Then I put the mandrel in a cordless drill on the bench. Tape one end of the plastic strip with a small piece of tape. Start the drill slowly and spiral wrap the mandrel with the plastic. Tension is important; not too tight or too loose, some experience and judgement required here.
Then using another small piece of tape at the end, fix the plastic to the mandrel again.
Your glass (or carbon) biaxial sleeving is then slid over the plastic covered waxed mandrel, cut to length and stretched out. It's then wet out and de-bulked using paper towels.
Allow to "green off" for a few hours (3 - 4 depending on the resin used). Then I clamp the mandrel in the vice between two pieces of wood that have a round groove routed in them to protect the mandrel (if it is carbon rod). With a pair of good gloves on, I "break" the slight bond that has (usually) established between the plastic and the mandrel by twisting back and forward, progressively along the length of the tube. When I'm satisfied it is completely free, I leave it in the sun to cure. Remove the tube with the plastic inside from the mandrel the next day.
The plastic will come out neathly if the starting end is pulled using a pair of long nosed pliers and twisting while doing so.
With some experience, the tightness of fit can be adjusted while the epoxy is still green. It can be stretched to tighten, or compressed to make it loose, even after the plastic release film is removed.
I made short video which is uploading as I write. I'll post it later, it did not come out very well as I was in shot much of the time, but it still shows the essential method.
For tubes that require a good finish like a tail boom, I use the specially treated heat shrink, also from Soller. After the wet out, slide the heat shrink on and cut to length. Then slowly heat from the centre outwards. This exudes excess resin and gives a professional finish.
Jim.

Oh, and one last suggestion. Use glass first until some experience is gained! Always a good idea.
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Old Jun 19, 2014, 04:41 PM
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Great stuff Jim! Looking forward to seeing your video... always enjoy learning and trying new techniques!
The hardest part with the peel-ply, sanding, and clear coat method is indeed the sanding, if the carbon is not tight (and has high and low spots) then you risk sanding into the outer carbon layer at the high spots. The 3/4 oz glass is a nice gauge/buffer to avoid this (thanks Roydor!)

FlyRob....when it comes to working with composites (at the hobby level), I am always reminded of a quote from Winston Churchill:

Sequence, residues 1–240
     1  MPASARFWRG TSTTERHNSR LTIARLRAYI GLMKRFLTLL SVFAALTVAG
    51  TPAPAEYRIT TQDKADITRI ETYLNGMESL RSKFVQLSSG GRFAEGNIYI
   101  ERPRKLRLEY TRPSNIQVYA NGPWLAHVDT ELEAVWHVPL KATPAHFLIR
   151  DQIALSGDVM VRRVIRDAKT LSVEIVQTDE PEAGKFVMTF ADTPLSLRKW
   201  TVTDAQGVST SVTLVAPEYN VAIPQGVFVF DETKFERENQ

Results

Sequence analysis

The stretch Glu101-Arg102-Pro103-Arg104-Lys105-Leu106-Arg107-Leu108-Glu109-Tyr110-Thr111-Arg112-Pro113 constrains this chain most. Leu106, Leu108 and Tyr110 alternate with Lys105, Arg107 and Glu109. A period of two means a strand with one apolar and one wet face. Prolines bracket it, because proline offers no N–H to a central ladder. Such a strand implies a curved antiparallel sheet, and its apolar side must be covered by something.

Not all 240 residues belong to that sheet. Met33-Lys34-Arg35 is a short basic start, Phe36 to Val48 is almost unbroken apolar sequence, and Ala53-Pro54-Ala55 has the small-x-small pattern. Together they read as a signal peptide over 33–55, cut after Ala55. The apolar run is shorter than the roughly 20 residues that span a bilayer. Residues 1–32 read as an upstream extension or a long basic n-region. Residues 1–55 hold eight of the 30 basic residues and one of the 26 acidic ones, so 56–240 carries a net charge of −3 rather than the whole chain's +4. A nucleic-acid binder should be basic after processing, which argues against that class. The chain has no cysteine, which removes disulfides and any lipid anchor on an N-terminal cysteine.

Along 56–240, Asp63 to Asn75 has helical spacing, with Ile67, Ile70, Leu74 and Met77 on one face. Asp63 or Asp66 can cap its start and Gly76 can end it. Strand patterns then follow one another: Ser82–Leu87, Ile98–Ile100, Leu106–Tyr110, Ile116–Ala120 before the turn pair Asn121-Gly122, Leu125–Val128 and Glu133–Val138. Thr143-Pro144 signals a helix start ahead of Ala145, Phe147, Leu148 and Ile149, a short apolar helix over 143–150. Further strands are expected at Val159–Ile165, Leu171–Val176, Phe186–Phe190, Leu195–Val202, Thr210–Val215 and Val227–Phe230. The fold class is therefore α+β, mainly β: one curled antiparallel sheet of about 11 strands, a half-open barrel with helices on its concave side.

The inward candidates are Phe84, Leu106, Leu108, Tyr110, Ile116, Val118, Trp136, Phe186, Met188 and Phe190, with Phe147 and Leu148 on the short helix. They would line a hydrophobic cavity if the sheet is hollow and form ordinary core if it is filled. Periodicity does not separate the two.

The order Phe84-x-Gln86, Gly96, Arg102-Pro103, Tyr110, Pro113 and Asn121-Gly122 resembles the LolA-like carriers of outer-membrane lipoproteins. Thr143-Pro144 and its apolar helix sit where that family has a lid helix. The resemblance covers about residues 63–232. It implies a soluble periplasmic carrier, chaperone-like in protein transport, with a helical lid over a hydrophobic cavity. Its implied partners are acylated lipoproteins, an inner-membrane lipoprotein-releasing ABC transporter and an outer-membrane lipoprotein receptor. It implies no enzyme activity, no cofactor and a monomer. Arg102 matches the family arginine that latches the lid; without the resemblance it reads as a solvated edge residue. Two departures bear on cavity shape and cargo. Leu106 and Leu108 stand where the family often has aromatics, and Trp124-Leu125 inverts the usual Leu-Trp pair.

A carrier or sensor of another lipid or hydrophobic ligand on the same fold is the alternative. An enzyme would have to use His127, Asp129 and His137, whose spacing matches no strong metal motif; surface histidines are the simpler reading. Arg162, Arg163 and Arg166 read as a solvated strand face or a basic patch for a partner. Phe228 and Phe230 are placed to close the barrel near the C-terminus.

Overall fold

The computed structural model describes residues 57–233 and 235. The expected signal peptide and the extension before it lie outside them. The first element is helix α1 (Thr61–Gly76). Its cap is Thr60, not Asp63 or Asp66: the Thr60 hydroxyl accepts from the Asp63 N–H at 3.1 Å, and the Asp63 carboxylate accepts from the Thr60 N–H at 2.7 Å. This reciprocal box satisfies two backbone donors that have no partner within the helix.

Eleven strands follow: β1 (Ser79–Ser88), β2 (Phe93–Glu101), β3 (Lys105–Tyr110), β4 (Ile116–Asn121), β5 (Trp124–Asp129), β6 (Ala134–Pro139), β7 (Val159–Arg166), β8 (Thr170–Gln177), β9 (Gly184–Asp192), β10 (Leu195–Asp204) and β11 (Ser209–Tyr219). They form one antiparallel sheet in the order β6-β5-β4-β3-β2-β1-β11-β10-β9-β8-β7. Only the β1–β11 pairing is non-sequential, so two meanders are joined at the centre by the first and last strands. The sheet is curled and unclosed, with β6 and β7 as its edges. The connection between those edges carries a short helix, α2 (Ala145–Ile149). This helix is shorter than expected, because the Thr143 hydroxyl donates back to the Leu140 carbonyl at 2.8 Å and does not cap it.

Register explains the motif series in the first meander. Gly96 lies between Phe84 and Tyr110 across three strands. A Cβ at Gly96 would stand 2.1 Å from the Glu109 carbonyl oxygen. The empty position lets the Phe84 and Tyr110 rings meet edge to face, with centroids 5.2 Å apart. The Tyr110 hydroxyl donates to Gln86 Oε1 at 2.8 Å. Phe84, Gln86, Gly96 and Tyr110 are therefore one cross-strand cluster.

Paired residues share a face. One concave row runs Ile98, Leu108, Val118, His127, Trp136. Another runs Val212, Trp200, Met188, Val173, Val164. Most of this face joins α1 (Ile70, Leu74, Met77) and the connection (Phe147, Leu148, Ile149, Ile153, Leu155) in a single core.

-"Success is the ability to go from one failure to another with no loss of enthusiasm"
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Old Jun 19, 2014, 05:01 PM
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I love the Winston Churchill quote! I will remember that one for sure.

See report #22 for video links.
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Old Jun 19, 2014, 05:21 PM
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While we are discussing tube making, I'll mention another variation on the above method(s).
For construction tubes, such as wing joiner and incidence pin receiver tubes which don't require a good cosmetic finish, strips of scrap glass or carbon cloth can be used instead of the sleeving. It is spiral wound on top of the release film similar to the way it is wound on first. A second layer (preferred for obvious reasons), can be wound in the opposite direction.
I make my drag spars and control surface leading edge spars this way too. Sometimes, wound on a drinking straw which is left in place.
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Old Jun 19, 2014, 06:44 PM
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Hey Jim,
Your vimeo links don't seem to work...no direct link. ??
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Old Jun 19, 2014, 09:18 PM
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I just checked again and they are working on my connection.
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Old Jun 19, 2014, 10:10 PM
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Wazmo's Avatar
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Quote:
Originally Posted by Jim.Thompson View Post
I just checked again and they are working on my connection.
That's because the link is to the videos belonging to whoever is logged in. It's only your videos when you're logged in to Vimeo. What's your user name, or the video ID number?